There are very few people who've walked the earth who are capable of the grand acts that have thrust us forward in huge steps (even while they're also painfully incremental). We can't all be Elizabeth Cady Stanton or Abraham Lincoln. But we can all be decent people. We can all take a second to just be nice to someone for no other reason than because we can. I think this is manageable. And I also think it's beautiful.

A couple of quotes:

We're born, we live a little, we die... By helping you, perhaps I was trying to lift my own life a trifle. Heaven knows anyone's life can stand a little of that
- E.B. White from Charlotte's Web

But the effect of her being on those around her was incalculably diffusive: for the growing good of the world is partly dependent on unhistoric acts; and that things are not so ill with you and me as they might have been, is half owing to the number who lived faithfully a hidden life, and rest in unvisited tombs.
- George Eliot from Middlemarch

Here in the middle of my life I figure I pretty much have two choices: give up because we can't fix it and no one seems to be able to or just try to be a decent person and have a little faith that kindness not only matters but is the thing that matter most. I'm pretty sure the latter is true.

* Lexi is my cousin's daughter, But, you know, small families. She's a niece.

Thursday, August 12, 2010

The Nostalgia Paradox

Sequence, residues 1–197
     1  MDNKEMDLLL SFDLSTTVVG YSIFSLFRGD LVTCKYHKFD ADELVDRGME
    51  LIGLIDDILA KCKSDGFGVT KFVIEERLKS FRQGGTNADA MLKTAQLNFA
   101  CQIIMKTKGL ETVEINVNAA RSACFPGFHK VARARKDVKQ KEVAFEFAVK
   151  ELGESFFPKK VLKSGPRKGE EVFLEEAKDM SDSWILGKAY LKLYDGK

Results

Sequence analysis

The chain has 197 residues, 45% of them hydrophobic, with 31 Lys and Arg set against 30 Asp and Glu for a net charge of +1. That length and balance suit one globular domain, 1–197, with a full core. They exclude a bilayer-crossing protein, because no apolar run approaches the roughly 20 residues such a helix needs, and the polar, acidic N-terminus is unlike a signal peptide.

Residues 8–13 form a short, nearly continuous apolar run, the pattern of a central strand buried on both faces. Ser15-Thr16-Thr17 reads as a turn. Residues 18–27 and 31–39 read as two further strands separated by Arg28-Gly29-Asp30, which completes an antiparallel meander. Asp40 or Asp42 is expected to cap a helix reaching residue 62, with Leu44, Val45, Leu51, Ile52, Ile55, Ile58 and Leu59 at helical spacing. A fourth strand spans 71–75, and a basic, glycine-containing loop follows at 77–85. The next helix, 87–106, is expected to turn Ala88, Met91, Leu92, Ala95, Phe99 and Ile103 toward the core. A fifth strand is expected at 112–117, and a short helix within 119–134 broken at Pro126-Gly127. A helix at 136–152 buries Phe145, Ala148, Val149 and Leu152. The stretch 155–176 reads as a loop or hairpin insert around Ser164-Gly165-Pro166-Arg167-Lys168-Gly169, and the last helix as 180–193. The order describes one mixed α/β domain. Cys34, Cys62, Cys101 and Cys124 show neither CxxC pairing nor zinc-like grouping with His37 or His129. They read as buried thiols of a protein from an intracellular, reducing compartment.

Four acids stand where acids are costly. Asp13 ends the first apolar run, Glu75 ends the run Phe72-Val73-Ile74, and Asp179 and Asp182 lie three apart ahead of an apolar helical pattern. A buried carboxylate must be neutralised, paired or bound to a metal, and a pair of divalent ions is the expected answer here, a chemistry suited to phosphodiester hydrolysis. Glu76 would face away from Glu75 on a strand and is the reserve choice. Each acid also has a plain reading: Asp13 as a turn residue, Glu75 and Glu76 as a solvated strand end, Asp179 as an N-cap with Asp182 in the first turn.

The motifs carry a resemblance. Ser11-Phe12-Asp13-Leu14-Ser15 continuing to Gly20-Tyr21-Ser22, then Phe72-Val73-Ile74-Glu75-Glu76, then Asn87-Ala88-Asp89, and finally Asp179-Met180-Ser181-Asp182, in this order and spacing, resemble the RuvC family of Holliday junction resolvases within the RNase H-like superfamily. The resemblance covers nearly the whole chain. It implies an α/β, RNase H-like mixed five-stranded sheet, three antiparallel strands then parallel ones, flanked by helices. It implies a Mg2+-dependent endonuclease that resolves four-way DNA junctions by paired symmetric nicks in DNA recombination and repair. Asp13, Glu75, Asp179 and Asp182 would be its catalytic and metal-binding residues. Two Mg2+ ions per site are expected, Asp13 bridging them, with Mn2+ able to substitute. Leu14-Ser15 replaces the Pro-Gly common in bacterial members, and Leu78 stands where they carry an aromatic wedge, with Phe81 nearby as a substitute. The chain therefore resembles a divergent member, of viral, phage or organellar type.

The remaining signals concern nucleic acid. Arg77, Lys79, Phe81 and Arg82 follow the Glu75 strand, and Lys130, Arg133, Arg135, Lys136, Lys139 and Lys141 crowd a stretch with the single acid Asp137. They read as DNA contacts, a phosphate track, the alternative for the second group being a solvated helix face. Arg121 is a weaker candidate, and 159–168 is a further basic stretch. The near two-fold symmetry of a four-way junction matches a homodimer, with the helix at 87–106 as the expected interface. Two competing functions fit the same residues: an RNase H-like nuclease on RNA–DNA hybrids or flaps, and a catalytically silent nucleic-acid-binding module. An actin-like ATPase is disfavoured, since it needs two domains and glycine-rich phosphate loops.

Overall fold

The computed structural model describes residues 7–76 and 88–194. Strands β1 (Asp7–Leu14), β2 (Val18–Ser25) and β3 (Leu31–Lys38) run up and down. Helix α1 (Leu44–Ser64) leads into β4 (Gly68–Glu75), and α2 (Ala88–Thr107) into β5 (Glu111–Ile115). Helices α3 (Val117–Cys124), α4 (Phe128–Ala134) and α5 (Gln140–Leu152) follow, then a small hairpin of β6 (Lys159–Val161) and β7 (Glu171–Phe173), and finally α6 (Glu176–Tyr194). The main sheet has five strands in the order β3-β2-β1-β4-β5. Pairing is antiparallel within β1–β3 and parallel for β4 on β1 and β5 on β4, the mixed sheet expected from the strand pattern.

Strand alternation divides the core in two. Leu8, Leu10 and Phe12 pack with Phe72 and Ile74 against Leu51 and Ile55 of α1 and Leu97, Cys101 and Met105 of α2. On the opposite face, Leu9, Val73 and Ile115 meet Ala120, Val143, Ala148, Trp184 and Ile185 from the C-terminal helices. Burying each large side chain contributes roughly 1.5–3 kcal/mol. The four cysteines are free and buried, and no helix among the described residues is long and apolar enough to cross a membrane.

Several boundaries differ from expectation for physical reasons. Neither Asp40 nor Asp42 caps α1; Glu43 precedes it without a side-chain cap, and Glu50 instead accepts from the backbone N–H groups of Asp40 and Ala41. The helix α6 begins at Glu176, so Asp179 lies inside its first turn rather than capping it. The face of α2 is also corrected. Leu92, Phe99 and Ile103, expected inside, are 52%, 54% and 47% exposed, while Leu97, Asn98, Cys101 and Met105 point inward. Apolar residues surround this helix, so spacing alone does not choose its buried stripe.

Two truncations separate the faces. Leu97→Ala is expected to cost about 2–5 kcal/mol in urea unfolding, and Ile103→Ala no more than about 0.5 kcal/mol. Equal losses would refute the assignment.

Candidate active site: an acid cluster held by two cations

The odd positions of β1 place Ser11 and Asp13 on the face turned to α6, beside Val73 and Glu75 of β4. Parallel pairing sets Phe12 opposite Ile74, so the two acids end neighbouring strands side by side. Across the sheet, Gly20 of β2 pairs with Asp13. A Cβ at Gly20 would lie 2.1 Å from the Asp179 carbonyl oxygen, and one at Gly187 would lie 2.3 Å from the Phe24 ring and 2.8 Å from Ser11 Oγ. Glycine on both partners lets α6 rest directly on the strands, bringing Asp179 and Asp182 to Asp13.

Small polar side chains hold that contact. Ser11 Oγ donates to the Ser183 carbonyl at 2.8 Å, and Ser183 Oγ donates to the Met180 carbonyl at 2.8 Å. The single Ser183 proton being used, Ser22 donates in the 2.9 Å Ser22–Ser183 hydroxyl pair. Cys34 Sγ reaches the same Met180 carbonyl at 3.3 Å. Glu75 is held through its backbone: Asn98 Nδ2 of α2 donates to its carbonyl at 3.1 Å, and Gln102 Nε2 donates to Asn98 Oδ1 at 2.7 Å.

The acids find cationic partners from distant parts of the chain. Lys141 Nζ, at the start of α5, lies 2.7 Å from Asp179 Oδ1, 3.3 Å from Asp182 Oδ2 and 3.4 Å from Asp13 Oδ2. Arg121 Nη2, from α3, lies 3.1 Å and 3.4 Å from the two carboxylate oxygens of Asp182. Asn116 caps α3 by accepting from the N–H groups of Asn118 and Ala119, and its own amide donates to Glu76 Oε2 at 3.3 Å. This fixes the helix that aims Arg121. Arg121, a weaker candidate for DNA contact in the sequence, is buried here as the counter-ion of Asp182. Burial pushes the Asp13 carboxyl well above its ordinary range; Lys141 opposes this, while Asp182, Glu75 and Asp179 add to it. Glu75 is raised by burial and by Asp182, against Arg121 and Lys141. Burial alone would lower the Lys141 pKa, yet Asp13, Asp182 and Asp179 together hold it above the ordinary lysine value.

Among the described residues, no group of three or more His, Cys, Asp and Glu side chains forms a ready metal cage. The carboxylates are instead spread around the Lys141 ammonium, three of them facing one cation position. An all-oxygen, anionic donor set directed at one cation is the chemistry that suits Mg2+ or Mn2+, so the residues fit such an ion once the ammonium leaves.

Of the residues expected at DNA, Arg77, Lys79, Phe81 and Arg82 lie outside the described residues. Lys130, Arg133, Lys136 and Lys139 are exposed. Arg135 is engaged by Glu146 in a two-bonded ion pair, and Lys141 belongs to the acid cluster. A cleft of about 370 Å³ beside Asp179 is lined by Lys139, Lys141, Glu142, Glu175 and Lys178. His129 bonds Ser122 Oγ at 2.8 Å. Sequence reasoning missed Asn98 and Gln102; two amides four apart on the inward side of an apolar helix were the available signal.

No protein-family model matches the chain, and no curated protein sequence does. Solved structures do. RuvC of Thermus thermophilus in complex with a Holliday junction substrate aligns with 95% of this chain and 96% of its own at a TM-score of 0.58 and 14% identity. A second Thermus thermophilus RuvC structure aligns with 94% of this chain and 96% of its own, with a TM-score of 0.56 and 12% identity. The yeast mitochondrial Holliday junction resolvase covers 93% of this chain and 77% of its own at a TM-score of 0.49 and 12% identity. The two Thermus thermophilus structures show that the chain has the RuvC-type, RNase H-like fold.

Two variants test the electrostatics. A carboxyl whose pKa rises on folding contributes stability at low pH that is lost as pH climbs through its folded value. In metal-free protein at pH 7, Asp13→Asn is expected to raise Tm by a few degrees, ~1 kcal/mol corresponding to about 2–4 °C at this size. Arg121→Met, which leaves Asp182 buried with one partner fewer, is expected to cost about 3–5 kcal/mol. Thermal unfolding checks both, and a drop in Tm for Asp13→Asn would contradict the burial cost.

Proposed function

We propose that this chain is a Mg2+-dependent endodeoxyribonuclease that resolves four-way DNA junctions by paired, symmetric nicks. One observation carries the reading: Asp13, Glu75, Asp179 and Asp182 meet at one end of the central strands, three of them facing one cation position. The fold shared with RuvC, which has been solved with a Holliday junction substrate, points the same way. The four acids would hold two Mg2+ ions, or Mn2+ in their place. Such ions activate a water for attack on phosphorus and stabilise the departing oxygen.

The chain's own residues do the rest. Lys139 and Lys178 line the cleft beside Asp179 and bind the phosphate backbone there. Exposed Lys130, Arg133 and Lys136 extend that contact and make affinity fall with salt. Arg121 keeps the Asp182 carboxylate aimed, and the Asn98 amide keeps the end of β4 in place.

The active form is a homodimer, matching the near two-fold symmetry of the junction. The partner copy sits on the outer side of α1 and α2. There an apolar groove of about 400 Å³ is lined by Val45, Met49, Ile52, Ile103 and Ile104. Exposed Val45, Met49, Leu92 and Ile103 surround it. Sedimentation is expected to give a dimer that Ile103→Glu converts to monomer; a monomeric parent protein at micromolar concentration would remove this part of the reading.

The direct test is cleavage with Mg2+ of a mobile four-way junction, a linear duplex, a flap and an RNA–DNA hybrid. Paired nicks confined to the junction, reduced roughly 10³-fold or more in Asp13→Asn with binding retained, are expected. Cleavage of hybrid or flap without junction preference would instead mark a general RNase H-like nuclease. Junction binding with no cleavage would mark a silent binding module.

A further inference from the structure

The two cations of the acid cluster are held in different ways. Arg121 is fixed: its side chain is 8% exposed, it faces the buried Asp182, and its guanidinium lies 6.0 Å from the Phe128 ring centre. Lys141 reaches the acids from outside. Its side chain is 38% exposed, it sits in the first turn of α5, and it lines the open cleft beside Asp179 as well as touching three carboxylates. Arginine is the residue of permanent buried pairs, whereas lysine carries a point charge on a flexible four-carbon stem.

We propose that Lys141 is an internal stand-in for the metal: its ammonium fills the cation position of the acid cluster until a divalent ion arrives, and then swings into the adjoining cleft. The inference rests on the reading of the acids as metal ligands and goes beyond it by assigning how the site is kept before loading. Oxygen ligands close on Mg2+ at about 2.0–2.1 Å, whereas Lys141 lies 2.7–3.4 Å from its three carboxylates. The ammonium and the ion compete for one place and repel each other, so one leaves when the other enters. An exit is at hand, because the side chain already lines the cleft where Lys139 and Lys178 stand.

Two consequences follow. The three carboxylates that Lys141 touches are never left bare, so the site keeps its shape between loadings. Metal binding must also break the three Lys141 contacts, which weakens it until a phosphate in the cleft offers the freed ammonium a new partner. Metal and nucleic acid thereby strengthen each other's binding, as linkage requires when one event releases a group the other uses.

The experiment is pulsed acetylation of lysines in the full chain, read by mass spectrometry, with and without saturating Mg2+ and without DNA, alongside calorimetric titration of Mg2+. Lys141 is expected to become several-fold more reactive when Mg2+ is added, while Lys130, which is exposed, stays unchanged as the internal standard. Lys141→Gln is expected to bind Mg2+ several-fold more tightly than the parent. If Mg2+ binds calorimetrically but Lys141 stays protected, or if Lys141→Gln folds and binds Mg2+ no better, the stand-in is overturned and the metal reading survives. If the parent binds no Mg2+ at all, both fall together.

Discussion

It's scary out there. A whole school of fish seem to have committed suicide in Delaware. No one has a job. The weather keeps getting more and more extreme. A loud, fringe element in America is noisily racist, paranoid and proudly ignorant.

It's hard not to hearken back to my youth, when the air was probably cleaner, everything didn't come wrapped in 8000 layers of non-biodegradable plastic, and we were all free to be you and me.

The problem with that is that this is clearly the best time in history to be a woman. We enjoy more liberty, more freedom, more respect than we have at any other point in history. This is true for most minorities and gay people too.

Knowing this, it's hard to be entirely hopeless.

The good old days were really only good for folks like Rush and Glenn, who are comfortable as bullshit lord of the manor types. But I like living in a world that's getting more and more open. Which is, of course, the same thing that freaks out the retrograde right.

Things may be really scary out there, our government might be broken, planet earth may be getting rid to kick us all off; but, I have to be glad that my opinion on these matters is afforded the respect it's due (which might not be much, but that's not down to my silly, girly brain). Also: I can freak out over it in MUCH more comfortable underwear.